In addition to the $100,000 seed award, GE will provide support for each winner through mentorship and access to GE researchers and industry thought leaders with opportunity for expanded partnerships in the future. “GE and Clarient focus on helping health providers understand and define the drivers of a patient’s particular cancer. The Challenge winners’ work will change the future of fighting cancer,” said Carrie Eglinton-Manner, general manager of Clarient, the cancer diagnostics company acquired by GE in 2010. “In addition to the grant money, we will help mentor, develop and accelerate the growth of these winning ideas.”

The winners were selected by a panel of judges that included venture capital partners, GE executives, and several leading healthcare luminaries including former U.S. FDA Commissioner and National Cancer Institute Director, Dr. Andrew Von Eschenbach; Professor of Surgery and Director of the University of Michigan Breast Care Center, Dr. Lisa Newman; and cancer medicine specialist and Imperial College’s professor of cancer medicine, Dr. Justin Stebbing.

The five innovation Challenge award winners are:

  • MyCancerGenome- Personalized Approach to Triple Negative Breast Cancer: Vanderbilt University is developing MyCancerGenome, a free online cancer medicine resource and decision-making tool for physicians, patients, caregivers and researchers. It provides up-to-date information on what mutations make breast cancer grow and related treatment implications, including available genome- directed clinical trials for triple negative breast cancer.
  • Creating Safer & Stronger Breast Implants with Cancer-fighting and Healing Properties: The University of Akron is developing new materials for breast reconstruction to transform tissue expanders and implants into cancer-fighting and healing devices. Using coatings embedded with pharmaceutical agents the new device is expected to help fight infection, reduce inflammation, and possibly even target and destroy stray cancer cells.
  • Identifying a Predisposition to Cancer Spread: Moffitt Cancer Center is working to understand the genetic “modifier” genes and their role in predisposition to the spread of cancer to other parts of the body following cancer onset. This research could form the basis of diagnostic testing for genes that place a patient at disproportionate risk for cancer spread and guide aggressiveness of treatment.
  • Saving Lives in Developing Countries: For developing countries such as Uganda, breast ultrasound holds promise in identifying cancers in young women with palpable lumps. Fred Hutchinson Cancer Research Center and Uganda Cancer Institute (UCI) in Kampala are establishing a breast cancer screening program where women will receive education about breast cancer and those with symptoms will be offered clinical breast exam and breast ultrasound. Women with suspicious lumps will be referred to the UCI for tissue sampling and, if malignancy is diagnosed, treatment.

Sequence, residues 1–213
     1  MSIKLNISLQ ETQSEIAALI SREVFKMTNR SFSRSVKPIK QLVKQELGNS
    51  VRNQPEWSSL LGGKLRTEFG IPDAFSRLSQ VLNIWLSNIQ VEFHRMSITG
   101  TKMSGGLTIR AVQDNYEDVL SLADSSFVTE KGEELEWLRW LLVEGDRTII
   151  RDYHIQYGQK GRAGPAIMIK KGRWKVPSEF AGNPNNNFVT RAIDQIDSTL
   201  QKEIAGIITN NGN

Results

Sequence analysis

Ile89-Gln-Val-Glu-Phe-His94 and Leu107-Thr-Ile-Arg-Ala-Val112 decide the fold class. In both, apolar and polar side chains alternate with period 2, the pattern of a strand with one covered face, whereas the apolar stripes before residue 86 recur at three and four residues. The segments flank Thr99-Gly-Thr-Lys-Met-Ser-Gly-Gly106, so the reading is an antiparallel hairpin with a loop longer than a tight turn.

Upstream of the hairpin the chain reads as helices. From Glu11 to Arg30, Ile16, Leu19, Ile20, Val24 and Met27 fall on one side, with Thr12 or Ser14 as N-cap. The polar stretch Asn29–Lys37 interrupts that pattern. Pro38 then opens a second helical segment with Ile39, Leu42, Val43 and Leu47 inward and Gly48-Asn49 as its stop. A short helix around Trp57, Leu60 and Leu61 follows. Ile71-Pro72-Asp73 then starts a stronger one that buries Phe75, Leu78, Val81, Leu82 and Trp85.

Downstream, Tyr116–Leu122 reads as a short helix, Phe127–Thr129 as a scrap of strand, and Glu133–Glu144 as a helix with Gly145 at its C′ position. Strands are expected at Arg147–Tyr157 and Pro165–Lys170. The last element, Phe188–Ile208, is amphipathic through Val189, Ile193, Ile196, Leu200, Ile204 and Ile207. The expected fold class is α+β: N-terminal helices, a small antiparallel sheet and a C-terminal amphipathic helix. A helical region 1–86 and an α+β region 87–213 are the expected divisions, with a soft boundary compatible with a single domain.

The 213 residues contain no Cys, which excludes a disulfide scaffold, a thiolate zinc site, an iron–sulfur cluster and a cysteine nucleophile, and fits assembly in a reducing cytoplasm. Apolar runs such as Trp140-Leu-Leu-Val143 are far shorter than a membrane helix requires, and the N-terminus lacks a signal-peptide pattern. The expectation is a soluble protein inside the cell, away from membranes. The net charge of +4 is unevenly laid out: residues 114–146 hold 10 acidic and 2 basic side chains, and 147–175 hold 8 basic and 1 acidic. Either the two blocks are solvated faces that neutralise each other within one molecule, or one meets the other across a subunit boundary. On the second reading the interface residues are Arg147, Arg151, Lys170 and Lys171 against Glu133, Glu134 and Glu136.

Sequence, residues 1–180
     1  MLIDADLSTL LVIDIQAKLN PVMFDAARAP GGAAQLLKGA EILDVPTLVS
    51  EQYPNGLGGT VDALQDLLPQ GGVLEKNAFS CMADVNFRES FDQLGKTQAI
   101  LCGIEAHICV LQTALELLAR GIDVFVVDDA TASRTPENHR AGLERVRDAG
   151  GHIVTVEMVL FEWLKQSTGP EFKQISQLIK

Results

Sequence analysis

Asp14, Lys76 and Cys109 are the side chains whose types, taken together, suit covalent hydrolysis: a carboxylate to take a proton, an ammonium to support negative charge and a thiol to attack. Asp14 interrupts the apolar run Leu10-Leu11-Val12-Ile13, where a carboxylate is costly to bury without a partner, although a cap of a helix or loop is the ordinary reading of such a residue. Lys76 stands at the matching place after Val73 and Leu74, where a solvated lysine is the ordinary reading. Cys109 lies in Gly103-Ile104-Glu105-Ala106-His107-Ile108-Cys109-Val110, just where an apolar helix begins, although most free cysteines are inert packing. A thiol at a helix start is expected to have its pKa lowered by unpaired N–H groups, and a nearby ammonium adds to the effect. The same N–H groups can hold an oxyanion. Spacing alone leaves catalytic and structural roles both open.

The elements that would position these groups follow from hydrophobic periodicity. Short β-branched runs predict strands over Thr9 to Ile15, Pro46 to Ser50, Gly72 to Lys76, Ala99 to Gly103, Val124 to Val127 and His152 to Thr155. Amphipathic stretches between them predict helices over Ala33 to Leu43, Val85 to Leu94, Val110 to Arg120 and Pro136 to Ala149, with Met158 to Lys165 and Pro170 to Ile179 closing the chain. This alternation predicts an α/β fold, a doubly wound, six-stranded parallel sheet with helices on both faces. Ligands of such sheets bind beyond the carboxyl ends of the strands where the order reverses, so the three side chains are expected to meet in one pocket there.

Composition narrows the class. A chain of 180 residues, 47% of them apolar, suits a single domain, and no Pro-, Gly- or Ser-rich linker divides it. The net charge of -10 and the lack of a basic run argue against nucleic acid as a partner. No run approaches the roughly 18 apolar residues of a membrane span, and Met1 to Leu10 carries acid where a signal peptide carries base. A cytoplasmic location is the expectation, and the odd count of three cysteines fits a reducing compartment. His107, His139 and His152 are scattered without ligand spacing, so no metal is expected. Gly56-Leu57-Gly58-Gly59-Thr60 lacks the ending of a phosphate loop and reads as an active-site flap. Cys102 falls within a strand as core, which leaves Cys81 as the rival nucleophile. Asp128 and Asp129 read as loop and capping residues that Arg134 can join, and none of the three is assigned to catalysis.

• Moving to Personalized Therapy for Triple Negative Breast Cancer: Researchers at Vanderbilt- Ingram Cancer Center have demonstrated that gene expression analysis reveals at least six distinct disease subtypes for triple negative breast cancer that likely respond differently to chemotherapy. Using this discovery, the Center is designing clinical trials with targeted therapy for select subtypes which will soon be offered to patients.

Women and breast cancer:

  • Approximately five black women per day die needlessly from breast cancer due to a lack of information and access to proper care (Recent study published in the Journal of Cancer Epidemiology)
  • Researchers from the Sinai Urban Health Institute in Chicago found a disparity gap in African American and Hispanic five year survivor rates in 21 out of 25 of the US largest cities.
  • GE has committed to accelerate cancer innovation by investing $1 billion in cancer technology research and development as well as improve care for 10 million cancer patients around the world by 2020. 

Information on the winners is available at www.healthymagination.com.

Launched in September, the Challenge is part of GE’s healthymagination commitment to accelerate cancer innovation by investing $1 billion in cancer technology research and development as well as improve care for 10 million cancer patients around the world by 2020. Additional strategic commercial partnership announcements from the Challenge will be made later in 2012. For additional details on the challenge, and to view the full terms and conditions visit healthymagination.com/challenge.

About GE

GE (NYSE: GE) works on things that matter. The best people and the best technologies taking on the toughest challenges. Finding solutions in energy, health and home, transportation and finance. Building, powering, moving and helping to cure the world. Not just imagining. Doing. GE works.

For more information, visit the company’s website at www.ge.com.

About GE’s healthymagination Initiative

Launched in in May 2009, GE’s healthymagination initiative is focused on four critical needs: low-cost technology; healthcare IT; innovation accessible to all; and consumer-driven healthcare. GE has committed that by 2015 it will: